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November 18, 2008 - Content has not been altered. Links and advertising have been removed.

Friday, June 22, 2007

Trademarks on eBay: worse than the DMCA

Some manufacturers of physical goods are abusing eBay's "Verified Rights Owner" (VeRO) program to stifle not unlawful counterfeiting, as the policy is meant to address, but perfectly legal reselling of new or used goods. Infoworld tells the story of Nervous Tattoo, Inc., makers of "Don Ed Hardy" merchandise, who don't like seeing their stuff resold on eBay, so they send fake takedown letters to eBay to get auctions pulled that feature their merchandise.

The DMCA is (rightly) widely reviled for its suppression of scientific research and free speech. But as many of you who follow these issues know, the DMCA has its good side: the safe harbor that creates a standard protocol for copyright owners to protest infringing content, and for the posters to send counter-notifications when the takedown request is improper. While it's far from perfect, and though some content companies still sue when they don't like the way the notice-and-takedown system works, it's allowed online content hosting services from discussion forums to blogging sites to social networks to thrive with reduced fear of legal liability.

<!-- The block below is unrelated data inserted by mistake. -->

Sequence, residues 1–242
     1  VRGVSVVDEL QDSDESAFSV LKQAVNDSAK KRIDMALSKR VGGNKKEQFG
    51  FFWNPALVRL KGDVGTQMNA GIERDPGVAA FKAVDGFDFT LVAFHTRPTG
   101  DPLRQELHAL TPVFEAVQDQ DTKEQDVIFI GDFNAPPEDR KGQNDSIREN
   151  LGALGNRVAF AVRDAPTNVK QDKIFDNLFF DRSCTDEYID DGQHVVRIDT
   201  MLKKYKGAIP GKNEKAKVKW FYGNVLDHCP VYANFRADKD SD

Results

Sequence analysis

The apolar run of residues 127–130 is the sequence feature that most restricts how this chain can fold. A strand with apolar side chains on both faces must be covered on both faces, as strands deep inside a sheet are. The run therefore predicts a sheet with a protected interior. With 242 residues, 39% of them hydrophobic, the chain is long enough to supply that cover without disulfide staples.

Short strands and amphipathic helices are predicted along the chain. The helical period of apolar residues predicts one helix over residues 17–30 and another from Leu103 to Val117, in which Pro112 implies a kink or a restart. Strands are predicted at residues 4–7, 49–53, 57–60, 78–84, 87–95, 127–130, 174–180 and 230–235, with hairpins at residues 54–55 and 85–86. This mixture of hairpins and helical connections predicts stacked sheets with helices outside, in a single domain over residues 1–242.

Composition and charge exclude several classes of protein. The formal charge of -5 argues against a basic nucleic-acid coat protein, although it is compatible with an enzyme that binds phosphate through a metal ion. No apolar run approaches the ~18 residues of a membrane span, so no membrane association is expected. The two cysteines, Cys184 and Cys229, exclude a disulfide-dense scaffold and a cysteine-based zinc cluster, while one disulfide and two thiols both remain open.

In the world of trademarks, there's no such protection, and eBay has implemented a policy that gives all the presumption of truth to the complaining trademark holder, without a way for sellers to respond. Ed Foster writes in the Infoworld article, "It's pretty scary to think there are actually circumstances where one would be better off if the DMCA applied, but that does seem to be the case here." Foster explains how eBay automatically pulls auctions that receive complaints without any independent investigation, and often terminates the seller's account. Worse, there is no way for the seller to appeal; eBay simply refers the seller to the trademark holder, who must withdraw their complaint before eBay will allow the auction to proceed.

And if the trademark holder refuses to respect the actual law about what is and is not trademark infringement? Then the eBay seller is out of luck.

posted by David Alpert at 10:28 AM

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